See some photos of the event below!

Our planting team is growing to support the increasing number of planted trees

By Allgemein, News Home

During the current planting season, we have been increasing our team alongside our number of planted trees! By carefully selecting 27 highly motivated individuals to help with the planting stage in our restoration sites located in the farms of Santa Fé and Serra Morena, we aim to make the most out of the prolonged rainy season.  

The planting team is currently carrying our direct seeding and planting our remaining seedlings. They have also started the maintenance process for trees planted at the start of the rainy season. The three-year maintenance element that follows the planting process is crucial in the restoration of healthy ecosystems.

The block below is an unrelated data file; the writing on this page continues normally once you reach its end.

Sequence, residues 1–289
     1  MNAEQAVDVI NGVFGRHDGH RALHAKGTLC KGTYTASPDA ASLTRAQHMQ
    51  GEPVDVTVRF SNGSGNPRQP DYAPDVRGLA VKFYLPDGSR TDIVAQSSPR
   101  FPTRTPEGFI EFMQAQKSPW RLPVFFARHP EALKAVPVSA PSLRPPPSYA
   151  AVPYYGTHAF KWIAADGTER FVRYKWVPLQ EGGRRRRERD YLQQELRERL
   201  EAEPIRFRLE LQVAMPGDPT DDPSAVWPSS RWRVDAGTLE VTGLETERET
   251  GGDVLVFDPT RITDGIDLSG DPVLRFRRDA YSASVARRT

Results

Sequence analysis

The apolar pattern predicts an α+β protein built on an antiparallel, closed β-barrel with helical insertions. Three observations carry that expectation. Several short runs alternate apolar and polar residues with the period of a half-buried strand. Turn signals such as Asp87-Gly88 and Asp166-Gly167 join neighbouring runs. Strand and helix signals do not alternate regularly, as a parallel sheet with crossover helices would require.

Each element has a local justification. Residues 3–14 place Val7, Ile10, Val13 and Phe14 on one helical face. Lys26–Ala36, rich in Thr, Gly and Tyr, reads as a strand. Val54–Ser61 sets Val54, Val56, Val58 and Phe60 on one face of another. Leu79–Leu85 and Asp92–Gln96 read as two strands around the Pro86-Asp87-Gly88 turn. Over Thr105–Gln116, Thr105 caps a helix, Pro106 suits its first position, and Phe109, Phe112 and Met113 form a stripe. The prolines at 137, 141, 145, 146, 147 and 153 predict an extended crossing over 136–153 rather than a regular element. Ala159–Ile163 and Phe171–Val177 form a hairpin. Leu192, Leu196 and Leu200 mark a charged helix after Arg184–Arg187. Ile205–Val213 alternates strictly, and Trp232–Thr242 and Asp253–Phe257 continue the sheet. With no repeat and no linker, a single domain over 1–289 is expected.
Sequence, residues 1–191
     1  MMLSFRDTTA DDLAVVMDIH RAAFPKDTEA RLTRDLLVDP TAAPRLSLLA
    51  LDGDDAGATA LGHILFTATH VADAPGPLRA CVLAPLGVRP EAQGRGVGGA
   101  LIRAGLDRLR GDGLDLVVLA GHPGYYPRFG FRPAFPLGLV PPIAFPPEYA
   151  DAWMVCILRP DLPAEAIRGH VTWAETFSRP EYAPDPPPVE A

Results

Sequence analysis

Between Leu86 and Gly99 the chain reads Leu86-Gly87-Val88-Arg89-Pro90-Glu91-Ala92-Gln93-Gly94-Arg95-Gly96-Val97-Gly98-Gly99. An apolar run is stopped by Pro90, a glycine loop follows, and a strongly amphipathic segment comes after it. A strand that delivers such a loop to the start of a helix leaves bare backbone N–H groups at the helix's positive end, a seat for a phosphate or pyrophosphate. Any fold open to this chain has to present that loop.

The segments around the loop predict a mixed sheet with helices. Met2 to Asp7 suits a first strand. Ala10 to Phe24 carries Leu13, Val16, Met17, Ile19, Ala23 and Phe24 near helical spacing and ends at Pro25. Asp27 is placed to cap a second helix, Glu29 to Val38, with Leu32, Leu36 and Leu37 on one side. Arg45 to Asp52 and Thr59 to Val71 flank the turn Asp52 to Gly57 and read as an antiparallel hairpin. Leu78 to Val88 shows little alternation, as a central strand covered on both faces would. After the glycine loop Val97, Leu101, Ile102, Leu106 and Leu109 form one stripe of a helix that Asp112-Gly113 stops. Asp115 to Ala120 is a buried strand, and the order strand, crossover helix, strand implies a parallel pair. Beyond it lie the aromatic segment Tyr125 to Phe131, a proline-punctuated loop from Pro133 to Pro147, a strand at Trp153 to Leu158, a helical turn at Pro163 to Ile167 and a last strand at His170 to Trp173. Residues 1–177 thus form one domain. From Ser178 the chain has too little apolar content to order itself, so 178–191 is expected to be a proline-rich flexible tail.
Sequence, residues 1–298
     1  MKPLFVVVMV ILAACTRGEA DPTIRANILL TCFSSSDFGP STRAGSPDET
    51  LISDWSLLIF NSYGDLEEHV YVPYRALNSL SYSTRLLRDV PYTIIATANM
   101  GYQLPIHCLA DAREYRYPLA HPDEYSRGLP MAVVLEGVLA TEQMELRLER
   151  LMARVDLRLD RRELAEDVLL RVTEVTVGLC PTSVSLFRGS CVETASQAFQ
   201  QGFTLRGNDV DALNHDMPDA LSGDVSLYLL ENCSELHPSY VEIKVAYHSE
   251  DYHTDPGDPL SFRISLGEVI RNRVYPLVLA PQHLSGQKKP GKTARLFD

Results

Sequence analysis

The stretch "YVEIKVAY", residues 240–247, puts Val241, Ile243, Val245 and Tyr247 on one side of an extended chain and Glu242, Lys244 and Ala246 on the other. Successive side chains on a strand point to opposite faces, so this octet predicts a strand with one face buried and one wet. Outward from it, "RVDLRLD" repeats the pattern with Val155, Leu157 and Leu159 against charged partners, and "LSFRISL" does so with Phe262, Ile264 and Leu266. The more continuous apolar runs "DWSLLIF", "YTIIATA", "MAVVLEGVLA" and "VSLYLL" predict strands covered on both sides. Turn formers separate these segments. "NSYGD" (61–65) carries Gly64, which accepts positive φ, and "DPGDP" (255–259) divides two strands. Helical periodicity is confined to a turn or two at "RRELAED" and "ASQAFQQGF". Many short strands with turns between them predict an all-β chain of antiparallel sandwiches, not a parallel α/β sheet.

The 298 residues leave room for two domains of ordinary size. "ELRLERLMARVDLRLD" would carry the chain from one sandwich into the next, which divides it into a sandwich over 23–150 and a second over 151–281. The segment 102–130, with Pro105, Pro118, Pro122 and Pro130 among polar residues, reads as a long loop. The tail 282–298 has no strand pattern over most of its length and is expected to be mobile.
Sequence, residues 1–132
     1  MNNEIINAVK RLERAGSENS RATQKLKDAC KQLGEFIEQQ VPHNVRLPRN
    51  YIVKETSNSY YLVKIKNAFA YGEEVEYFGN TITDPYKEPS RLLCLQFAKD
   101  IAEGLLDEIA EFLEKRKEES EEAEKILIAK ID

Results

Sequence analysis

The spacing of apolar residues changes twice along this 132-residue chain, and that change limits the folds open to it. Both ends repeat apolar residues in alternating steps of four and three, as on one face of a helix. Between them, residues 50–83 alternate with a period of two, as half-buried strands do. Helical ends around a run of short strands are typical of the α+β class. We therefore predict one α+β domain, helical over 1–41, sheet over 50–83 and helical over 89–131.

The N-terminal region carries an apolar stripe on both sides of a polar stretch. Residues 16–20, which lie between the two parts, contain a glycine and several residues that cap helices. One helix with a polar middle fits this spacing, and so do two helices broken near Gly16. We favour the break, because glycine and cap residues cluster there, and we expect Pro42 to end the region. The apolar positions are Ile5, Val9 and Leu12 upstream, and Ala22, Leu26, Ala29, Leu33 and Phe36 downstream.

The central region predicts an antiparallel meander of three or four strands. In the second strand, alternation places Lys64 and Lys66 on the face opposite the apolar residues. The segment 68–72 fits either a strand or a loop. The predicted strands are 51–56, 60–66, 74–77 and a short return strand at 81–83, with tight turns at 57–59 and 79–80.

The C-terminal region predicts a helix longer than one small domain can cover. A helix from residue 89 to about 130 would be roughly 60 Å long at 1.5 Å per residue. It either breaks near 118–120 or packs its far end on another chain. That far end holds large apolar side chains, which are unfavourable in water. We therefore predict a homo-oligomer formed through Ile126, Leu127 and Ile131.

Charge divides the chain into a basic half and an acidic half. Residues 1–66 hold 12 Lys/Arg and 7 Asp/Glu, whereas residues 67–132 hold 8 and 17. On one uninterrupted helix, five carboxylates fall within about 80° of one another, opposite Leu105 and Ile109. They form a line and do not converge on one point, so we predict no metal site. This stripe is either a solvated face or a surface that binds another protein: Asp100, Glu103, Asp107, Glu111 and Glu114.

In addition, three more female professionals will start working in our new nursery in May, to ensure the inauguration of our new nursery and its smooth operation.  

Our forest engineers have also been working hard to implement new work safety measures, to ensure well-being in our planting sites!  

The picture below shows some of the newest members of our ever-growing planting team holding a their special easter 2022 surprise

The rains have been fruitful: Planting season extended by one month!

By Allgemein, News Home

The prolonged rainy season has given us more time to restore Permanent Preservation Areas and Legal Reserves. As much as we depend on the science of restoration and our knowledgeable team, we also depend on rains, something we cannot influence, but can be lucky with too!